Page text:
Policy Matters urges rejection of bills for deregulation, opportunity zone credit
Posted March 05, 2019 in Press Releases
Policy Matters Ohio testified before two Senate committees today, telling them to reject one bill that calls for slashing by 30 percent the rules that implement Ohio state law and another that would create a new tax credit for investors in opportunity zones.
Senate Bill 1 would have agencies examine the rules that make up the Ohio Administrative Code (OAC) and develop an inventory of “regulatory restrictions” that require or prohibit an action. Under the bill, “Examples of words suggesting that a rule incorporates a regulatory restriction include ‘shall,’ ‘must,’ ‘require,’ ‘shall not,’ ‘may not’ and ‘prohibit.’” With certain exceptions, state agencies would have to reduce the total number of such “regulatory restrictions” by 30 percent by January 2023.
Zach Schiller, Policy Matters research director, told the Senate Government Oversight & Reform Committee, “a blanket idea that the words ‘shall’ or ‘prohibit’ are somehow bad words; that requiring businesses and residents alike to follow certain rules is bad for business – these are outlandish notions that have no place in legislation.”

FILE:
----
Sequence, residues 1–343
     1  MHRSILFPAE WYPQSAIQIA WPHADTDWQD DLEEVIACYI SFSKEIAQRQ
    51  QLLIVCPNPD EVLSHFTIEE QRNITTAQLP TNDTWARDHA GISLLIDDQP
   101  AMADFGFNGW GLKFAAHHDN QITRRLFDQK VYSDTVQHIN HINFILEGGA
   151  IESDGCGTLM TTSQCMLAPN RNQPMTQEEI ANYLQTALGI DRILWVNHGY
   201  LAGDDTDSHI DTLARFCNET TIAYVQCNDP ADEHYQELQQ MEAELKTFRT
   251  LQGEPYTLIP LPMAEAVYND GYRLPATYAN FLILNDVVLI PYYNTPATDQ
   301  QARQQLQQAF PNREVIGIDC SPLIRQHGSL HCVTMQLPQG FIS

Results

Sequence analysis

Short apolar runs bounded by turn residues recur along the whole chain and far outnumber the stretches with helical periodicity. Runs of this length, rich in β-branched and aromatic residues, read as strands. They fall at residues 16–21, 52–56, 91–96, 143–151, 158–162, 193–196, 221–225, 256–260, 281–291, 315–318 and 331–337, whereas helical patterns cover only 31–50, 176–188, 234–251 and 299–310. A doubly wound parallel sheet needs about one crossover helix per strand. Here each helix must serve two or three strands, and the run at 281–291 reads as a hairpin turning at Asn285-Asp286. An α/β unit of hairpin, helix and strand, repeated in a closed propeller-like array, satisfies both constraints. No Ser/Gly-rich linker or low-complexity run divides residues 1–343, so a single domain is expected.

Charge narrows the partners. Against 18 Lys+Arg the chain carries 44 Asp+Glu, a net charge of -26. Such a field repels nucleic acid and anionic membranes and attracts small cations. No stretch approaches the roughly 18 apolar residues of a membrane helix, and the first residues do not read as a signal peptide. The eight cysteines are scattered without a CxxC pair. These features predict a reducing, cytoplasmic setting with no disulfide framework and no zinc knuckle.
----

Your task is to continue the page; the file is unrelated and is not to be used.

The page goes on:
“Regulations are necessary to a civil society and a stable economy,” he concluded. “As this testimony has outlined, they are the product of the General Assembly’s every day work.”
Senate Bill 8 would add state tax incentives to deep federal subsidies offered in low-income census tracts designated as “Opportunity Zones.” Wendy Patton, a Policy Matters Senior Project Director, told the Senate Ways and Means Committee that state tax incentives are likely to subsidize zones already experiencing rapid, high rent development that could hurt low-income residents by reducing the stock of affordable housing and driving out existing business.
“Tax breaks and tax cuts as a strategic policy have brought significant benefits for the wealthiest Ohioans, yet poverty in the state has not been reduced to pre-recession levels,” said Patton. “Senate Bill 8, if enacted, should be required to have a direct impact of alleviating poverty and increasing opportunity for low-income residents of Ohio’s Opportunity Zones.”